On a visit to Mumbai on Saturday, Chidambaram offered the nearest thing to a “clean chit” for Vadra, who is facing allegations that his business dealings with real estate developer DLF, in which he allegedly received some preferential treatment, were perhaps tainted byquid pro quo considerations.
Chidambaram said that the allegations levelled by anti-corruption activists Arvind Kejriwaland Prashant Bhushan pertained to “transactions between two private persons or entities” and by their very nature, they could not be questioned on the basis of “some imputed or implied act of corruption,” DNA reports.
Right from the hour that Kejriwal and Bhushan went public with their charge against Vadra and DLF, this has been the Congress leadership’s unwavering line of defence: that Vadra was a private individual, and it was improper for anti-corruption activists who were preparing to launch a political career to play politics with his business dealings.
But the fallacy of that claim – that Vadra is a private citizen – stands exposed from the manner in which an entire battalion of Congress Ministers and leaders – from Salman Khurshid to Jayanthi Natarajan to Rajiv Shukla – have come rushing to the defence of Sonia Gandhi’s son-in-law. If he were truly a “private citizen” why were ministers and party leaders queuing up to bat for Vadra?
Vadra too invokes the same ‘private citizen’ argument to suggest that his business transactions with DLF are not a matter of public scrutiny, and that in any case he had made appropriate filings with the Registrar of Companies and the income tax department. But if he is a private citizen, how does one reconcile that with his statement in Amethi during the Uttar Pradesh Assembly elections last year, that he would enter politics – and that “his time would come after Rahul’s and Priyanka’s time”?
Curiously, Chidambaram also confirmed that “the individual” (as he referred to Vadra without naming him), had “disclosed all these transactions” in his income tax returns and other returns. That raises the question of whether and why Chidambaram (or one of his officials) had taken a peek into Vadra’s and his companies’ income tax returns – and offer what sounds suspiciously like a clean chit to Vadra.
If Vadra is a private citizen in the way that Chidambaram himself, and others, claim, under what authority did the Finance Minister make a statement on his tax returns? That authority, if anything, vests with income tax department officials, and although as Finance Minister, Chidambaram has oversight , it appears to be a disquieting exercise of his authority – if that’s what he has done.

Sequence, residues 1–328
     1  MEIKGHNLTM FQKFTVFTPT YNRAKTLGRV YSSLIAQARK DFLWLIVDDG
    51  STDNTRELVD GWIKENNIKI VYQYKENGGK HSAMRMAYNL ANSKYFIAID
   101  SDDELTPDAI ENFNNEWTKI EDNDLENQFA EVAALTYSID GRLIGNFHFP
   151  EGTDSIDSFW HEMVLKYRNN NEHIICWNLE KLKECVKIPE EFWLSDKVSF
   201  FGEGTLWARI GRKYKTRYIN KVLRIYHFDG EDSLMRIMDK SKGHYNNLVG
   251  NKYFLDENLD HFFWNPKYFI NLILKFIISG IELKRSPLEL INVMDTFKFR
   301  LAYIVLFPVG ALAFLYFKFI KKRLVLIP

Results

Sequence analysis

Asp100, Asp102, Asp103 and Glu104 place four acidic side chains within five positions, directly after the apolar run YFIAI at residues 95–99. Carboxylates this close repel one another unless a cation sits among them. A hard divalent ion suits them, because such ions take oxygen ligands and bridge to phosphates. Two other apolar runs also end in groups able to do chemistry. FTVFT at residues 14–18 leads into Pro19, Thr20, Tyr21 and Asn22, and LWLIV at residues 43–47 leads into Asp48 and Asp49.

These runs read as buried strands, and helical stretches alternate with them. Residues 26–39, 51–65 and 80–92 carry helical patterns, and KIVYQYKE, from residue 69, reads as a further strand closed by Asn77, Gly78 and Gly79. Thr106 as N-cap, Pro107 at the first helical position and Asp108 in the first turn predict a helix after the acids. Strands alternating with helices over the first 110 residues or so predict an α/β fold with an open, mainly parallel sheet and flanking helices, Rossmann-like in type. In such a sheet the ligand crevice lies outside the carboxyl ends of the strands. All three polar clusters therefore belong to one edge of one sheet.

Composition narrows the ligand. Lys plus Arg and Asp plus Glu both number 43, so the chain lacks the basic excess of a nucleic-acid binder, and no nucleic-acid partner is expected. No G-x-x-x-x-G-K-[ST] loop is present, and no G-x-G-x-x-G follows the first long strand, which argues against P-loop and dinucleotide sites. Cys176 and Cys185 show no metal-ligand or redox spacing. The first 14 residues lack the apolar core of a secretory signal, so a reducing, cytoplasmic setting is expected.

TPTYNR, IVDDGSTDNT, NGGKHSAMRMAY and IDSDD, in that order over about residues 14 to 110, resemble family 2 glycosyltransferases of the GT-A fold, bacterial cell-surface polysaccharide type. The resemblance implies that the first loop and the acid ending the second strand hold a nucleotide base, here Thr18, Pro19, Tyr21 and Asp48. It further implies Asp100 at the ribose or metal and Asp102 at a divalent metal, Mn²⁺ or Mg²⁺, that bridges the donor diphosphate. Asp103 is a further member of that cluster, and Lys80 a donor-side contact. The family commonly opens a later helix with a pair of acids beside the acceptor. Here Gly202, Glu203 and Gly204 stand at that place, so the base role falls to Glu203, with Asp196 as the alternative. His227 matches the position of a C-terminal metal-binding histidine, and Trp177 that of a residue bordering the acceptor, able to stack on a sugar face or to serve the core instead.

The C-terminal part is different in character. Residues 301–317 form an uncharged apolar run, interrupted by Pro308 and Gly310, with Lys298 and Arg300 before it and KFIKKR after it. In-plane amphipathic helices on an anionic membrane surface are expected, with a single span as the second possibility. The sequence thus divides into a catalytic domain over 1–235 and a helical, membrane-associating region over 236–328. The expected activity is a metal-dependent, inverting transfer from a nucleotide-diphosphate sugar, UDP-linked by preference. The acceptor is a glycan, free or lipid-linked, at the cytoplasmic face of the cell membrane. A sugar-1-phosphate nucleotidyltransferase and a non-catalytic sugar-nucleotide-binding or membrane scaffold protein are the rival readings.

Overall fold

With his comments certifying the ‘cleanliness’ of Vadra’s income tax returns, Chidambaram is effectively sending out a dog whistle to income tax officials on Vadra’s files. Is it Chidambaram’s job to issue such a certificate? Will any lower functionary in the income tax department say anything else?
Chidambaram’s off-the-cuff comments also expose the unlikely weapons in the government’s and the Congress’ armoury if it wants to turn the heat on Kejriwal and Bhushan for daring to take on Sonia Gandhi’s son-in-law. We saw one instance of that last year, when the government sought to discredit Prashant Bhushan and his father Shanthi Bhushan by planting media stories about their having secured land in Noida from the Uttar Pradesh government at concessional prices. Similarly, Kiran Bedi was bad-named as someone who “fudged her travel bills” when all she was guilty of was an inept and non-transparent attempt at cross-subsiding her NGO’s services – by billing those who could afford to pay full fare for her travels and offering her services free to those who couldn’t afford to pay.
The manifest attempt at that time was to subject anti-corruption activists to the tar-and-feathers treatment and drag them into the mud, so as to inhibit them from raising the pitch in their anti-corruption campaign.
Even if Kejriwal, who was in government (and whose wife too serves in the Indian Revenue Service) has a clean record, there’s nothing to stop this government from going on a fishing expedition to dig up dirt against their family or associates.
You can be sure that if Kejriwal’s uncle’s tax return is less than perfect, or if Bhushan’s nephew has violated some building code regulation and built a balcony, this government will ferret out the information – and make a big song-and-dance of it in order to discredit Kejriwal and Bhushan. The strategy of shooting the messenger has worked admirably well for the Congress in the past.
For your own sake, Kejriwal, I hope your assorted aunts and uncles and cousins have their noses clean. When the gloves come off, as they appear to have, there’s no knowing how low the Dirty Tricks Department of this government will stoop.